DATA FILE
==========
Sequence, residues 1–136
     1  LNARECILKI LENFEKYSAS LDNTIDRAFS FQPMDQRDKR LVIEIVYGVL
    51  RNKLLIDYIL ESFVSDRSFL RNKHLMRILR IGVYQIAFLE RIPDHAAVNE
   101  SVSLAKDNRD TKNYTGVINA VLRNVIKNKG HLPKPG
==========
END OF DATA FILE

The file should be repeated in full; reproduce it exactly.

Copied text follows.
Sequence, residues 1–136
     1  LNARECILKI LENFEKYSAS LDNTIDRAFS FQPMDQRDKR LVIEIVYGVL
    51  RNKLLIDYIL ESFVSDRSFL RNKHLMRILR IGVYQIAFLE RIPDHAAVNE
   101  SVSLAKDNRD TKNYTGVINA VLRNVIKNKG HLPKPG